Fast forward more than ten years later. A total of 122 months, hundreds of injections. My reality as a Crohn’s patient just changed. IMG_2966It changed in a way that I never knew was possible. I have so many flashbacks of my journey with Humira. The tears as I felt sickly in my 20s sitting alone in my apartment and wondering why me. The dread, anxiety and anticipation every other Monday and the strength I had to muster up within myself to once again receive my medication. Holding the injection in my hand, getting in the zone and focusing my thoughts on brave family members and friends as I held down the plum colored button and felt the burn. The sad look on my son’s face as he looked in my eyes and witnessed his mama hurting.

Now, all this is a distant memory. Thanks to the Citrate-free formula developed by AbbVie and approved for adults and pediatric patients in the United States, this reality is over. A matter of days ago, I experienced my first pain free Humira injection. I had heard all the hype and excitement around it, but it was so difficult to fathom such a change in my patient experience. Here’s a video of me experiencing my first Citrate-free injection:

I’m here to tell you it’s completely painless. Less pain than a blood draw. Less than a flu shot. You feel nothing. The process, effectiveness and outcome are the same, but you don’t feel anything. It’s emotional and overwhelming in the best way. I cried for a good half hour after my first one, happy tears. Tears of joy from a woman who now knows her children will never see their mom struggle in pain. Tears of joy from someone whose eternally grateful for a medication that keeps a painful and debilitating chronic illness at bay. Tears of joy knowing that I will never have to feel that awful pain again. A pain that’s too much to put into words, that was part of my life for so long.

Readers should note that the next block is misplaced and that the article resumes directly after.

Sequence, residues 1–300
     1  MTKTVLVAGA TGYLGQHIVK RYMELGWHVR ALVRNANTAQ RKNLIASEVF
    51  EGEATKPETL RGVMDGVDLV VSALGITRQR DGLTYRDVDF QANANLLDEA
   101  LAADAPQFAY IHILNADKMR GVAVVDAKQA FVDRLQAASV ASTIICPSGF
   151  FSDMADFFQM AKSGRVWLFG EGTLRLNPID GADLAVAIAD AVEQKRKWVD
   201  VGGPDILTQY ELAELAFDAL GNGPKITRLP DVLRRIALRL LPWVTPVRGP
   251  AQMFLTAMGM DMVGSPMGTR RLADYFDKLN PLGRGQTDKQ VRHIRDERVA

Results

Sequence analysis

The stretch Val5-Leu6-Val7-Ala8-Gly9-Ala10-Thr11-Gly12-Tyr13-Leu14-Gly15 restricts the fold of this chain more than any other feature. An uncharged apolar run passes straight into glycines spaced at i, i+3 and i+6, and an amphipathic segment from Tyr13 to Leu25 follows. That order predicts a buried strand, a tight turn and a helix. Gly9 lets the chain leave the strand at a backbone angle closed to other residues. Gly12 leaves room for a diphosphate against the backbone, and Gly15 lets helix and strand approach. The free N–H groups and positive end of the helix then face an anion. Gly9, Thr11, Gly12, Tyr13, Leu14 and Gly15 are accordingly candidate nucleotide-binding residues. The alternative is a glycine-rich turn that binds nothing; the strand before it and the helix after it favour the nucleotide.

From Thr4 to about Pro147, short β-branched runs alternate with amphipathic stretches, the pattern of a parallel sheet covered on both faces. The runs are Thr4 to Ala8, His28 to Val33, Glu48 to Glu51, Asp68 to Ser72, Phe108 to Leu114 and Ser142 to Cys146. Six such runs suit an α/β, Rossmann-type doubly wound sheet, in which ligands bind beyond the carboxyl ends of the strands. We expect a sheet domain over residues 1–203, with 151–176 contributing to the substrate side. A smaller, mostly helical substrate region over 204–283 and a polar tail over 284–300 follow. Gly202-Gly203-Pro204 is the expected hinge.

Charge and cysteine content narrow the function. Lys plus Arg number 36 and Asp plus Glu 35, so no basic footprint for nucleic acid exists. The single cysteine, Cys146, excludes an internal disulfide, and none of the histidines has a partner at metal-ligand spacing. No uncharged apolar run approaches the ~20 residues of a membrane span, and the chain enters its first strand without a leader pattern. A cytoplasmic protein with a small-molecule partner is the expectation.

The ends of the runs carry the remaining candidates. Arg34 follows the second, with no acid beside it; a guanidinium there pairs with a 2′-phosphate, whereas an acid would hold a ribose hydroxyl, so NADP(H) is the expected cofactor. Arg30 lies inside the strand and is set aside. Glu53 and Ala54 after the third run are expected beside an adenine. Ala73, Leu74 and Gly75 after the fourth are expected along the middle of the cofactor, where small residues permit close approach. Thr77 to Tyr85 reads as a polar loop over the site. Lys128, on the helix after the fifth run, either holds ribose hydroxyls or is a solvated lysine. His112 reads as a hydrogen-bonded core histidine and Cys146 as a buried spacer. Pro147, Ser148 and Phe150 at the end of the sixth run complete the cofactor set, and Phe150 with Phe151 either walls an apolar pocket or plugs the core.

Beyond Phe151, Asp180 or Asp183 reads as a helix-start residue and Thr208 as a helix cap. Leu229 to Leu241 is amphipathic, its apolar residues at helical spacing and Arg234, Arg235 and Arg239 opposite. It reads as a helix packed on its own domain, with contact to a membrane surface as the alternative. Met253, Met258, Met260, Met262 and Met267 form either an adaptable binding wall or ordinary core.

The sun is shining a bit brighter today. I feel a load has been lifted off my shoulders that I didn’t even realize had been there for more than 10 years. When I heard about the Citrate-free formula being approved and available in the States, I was excited—but, didn’t realize the true extent of what a difference it would make in my life. joy-2483926_1920

If you’re on Humira and living in the States, make sure you talk with your GI and specialty pharmacy to ensure your script is changed to “Citrate-free”. The extra leg work will be so worth it. It brings me so much happiness to know that young children on Humira will never have to feel the pain. It gives me peace of mind as a chronic illness patient to know that developments like this in treatment are possible and happening right now.

My call of action to doctors, specialists, healthcare teams and specialty pharmacies—please communicate this with patients. I’ve heard from countless people around the United States who heard about this for the first time from me. That’s not the way it should be. My GI gave me a heads up three months ago.

Fellow patient advocates, please feel empowered to share what this means to you and reach out to your individual communities and support networks, so people can get the ball rolling and experience this for themselves. Our voices are strong, and word of mouth is powerful.

Humira was approved for Crohn’s in 2006. I started taking the injections in 2008. Now, it’s 2018 and patients in the United States have access to the Citrate-free (pain free) formula. What’s next? Now, we can truly continue to dream.